Atrial fibrillation is a common cardiac arrhythmia that is characterized by rapid disorganized atrial electrical activity resulting in absence of atrial contractions. It is diagnosed on the basis of typical findings on an electrocardiogram (ECG). The characteristic ECG findings are absence of P-waves, and an irregular heart rate. Symptoms of atrial fibrillation include palpitations, dyspnea, reduced exercise capacity, chest pain and dizziness, but it often goes without symptoms. Although atrial fibrillation is often asymptomatic it has serious consequences for the health of affected individuals and is a substantial burden for the health care system. Atrial fibrillation is associated with a higher risk of several serious complications. It is associated with a three to five fold higher risk of stroke. Furthermore, it is associated with a higher risk of dementia, heart failure, and it is associated with increased mortality independent of age sex and other cardiovascular risk factors. Also, it is associated with lower quality of life, even patients without symptoms have a lower perceived general health and gobal life satisfaction than healthy subjects. The prevalence and incidence of atrial fibrillation increase with age. It is estimated that the lifetime risk for development of atrial fibrillation is one in every four adults over 40 years of age. As Western populations are projected to age in the coming decades it is likely that there will be an increase in the number of affected individuals with several types of chronic disease. Several studies projected that the future number of adults with atrial fibrillation in the United States will have doubled by the year 2050.13-15 Not much is known about the potential rise in the number of individuals with atrial fibrillation in the Netherlands and in the European Union but since these populations are projected to age, an increase in the number of patients can be expected.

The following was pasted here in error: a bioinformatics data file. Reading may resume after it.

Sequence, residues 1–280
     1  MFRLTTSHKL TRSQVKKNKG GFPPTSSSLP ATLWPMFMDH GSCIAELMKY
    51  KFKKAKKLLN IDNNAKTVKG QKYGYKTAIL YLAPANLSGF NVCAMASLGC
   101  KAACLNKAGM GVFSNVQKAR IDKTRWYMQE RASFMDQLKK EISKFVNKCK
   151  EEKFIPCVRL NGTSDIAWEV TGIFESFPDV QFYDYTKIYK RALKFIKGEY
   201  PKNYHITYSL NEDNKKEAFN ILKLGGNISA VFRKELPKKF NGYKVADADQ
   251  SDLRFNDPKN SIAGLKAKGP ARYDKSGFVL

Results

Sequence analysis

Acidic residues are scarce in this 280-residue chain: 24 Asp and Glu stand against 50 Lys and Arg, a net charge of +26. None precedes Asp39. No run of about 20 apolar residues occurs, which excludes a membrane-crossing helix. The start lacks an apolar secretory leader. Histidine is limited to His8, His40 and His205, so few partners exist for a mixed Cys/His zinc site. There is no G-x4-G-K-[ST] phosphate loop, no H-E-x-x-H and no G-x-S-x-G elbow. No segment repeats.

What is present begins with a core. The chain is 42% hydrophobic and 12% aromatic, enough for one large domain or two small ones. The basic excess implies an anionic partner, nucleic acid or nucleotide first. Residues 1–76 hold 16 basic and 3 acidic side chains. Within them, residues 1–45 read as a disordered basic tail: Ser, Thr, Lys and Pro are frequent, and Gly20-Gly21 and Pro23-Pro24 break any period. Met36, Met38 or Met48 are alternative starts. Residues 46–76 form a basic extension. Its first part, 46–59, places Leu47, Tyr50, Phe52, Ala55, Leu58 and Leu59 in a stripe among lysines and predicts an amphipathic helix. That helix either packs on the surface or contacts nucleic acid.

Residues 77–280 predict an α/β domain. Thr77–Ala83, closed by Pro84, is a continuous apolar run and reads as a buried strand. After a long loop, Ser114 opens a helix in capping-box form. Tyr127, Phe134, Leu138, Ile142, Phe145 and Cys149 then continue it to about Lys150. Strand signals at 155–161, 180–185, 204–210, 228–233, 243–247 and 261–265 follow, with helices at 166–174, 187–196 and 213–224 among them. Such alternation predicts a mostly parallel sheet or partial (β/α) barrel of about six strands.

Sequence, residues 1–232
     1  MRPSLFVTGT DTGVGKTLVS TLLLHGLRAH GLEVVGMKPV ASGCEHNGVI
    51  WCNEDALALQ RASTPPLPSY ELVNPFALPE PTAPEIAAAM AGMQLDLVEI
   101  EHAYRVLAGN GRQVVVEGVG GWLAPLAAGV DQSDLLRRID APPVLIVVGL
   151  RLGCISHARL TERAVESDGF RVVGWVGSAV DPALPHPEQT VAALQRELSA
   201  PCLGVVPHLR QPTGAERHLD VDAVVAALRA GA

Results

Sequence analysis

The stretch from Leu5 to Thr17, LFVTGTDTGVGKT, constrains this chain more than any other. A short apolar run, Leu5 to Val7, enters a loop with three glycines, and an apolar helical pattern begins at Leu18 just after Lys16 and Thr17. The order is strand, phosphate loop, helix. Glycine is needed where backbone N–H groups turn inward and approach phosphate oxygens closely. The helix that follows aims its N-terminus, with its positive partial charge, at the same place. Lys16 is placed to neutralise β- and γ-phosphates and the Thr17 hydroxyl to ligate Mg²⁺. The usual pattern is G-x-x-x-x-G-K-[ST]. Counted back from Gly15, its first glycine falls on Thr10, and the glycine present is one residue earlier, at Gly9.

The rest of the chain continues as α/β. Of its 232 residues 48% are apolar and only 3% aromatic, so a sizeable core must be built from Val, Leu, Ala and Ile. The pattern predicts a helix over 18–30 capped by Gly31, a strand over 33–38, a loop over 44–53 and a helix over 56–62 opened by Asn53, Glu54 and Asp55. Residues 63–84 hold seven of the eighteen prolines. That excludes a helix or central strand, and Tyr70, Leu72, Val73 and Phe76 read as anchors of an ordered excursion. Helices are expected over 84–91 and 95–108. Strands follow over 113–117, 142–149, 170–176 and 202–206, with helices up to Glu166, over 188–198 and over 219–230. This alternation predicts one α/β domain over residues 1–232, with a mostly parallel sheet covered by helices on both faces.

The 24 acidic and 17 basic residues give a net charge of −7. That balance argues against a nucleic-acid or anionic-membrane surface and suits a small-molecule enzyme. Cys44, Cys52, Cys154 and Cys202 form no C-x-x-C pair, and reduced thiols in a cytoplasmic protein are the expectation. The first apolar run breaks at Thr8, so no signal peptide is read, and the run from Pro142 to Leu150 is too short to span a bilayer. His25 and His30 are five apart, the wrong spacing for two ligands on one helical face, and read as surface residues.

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J.C.M. Witteman (Jacqueline) , B.H.Ch. Stricker (Bruno)
Erasmus University Rotterdam
The Rotterdam Study is supported by the Erasmus Medical Center and Erasmus University Rotterdam; The Netherlands Organization for Scientific Research (NWO); The Netherlands Organization for Health Research and Development (ZonMw); the Research Institute for Diseases in the Elderly (RIDE); The Netherlands Heart Foundation; the Ministry of Education, Culture and Science; the Ministry of Health Welfare and Sports; the European Commission (DG XII); and the Municipality of Rotterdam. Support for genotyping was provided by The Netherlands Organization for Scientific Research (NWO) (175.010.2005.011, 911.03.012) ; Research Institute for Diseases in the Elderly (RIDE); The Netherlands Genomics Initiative (NGI)/Netherlands Organization for Scientific Research (NWO) project nr. 050-060-810. Financial support for the publication of this thesis was kindly provided by the Erasmus University Rotterdam and the Netherlands Consortium for Healthy Aging (NCHA).
Erasmus MC: University Medical Center Rotterdam

Krijthe, B.P. (2013, May 17). Risk Factors for Atrial Fibrillation. Erasmus University Rotterdam. Retrieved from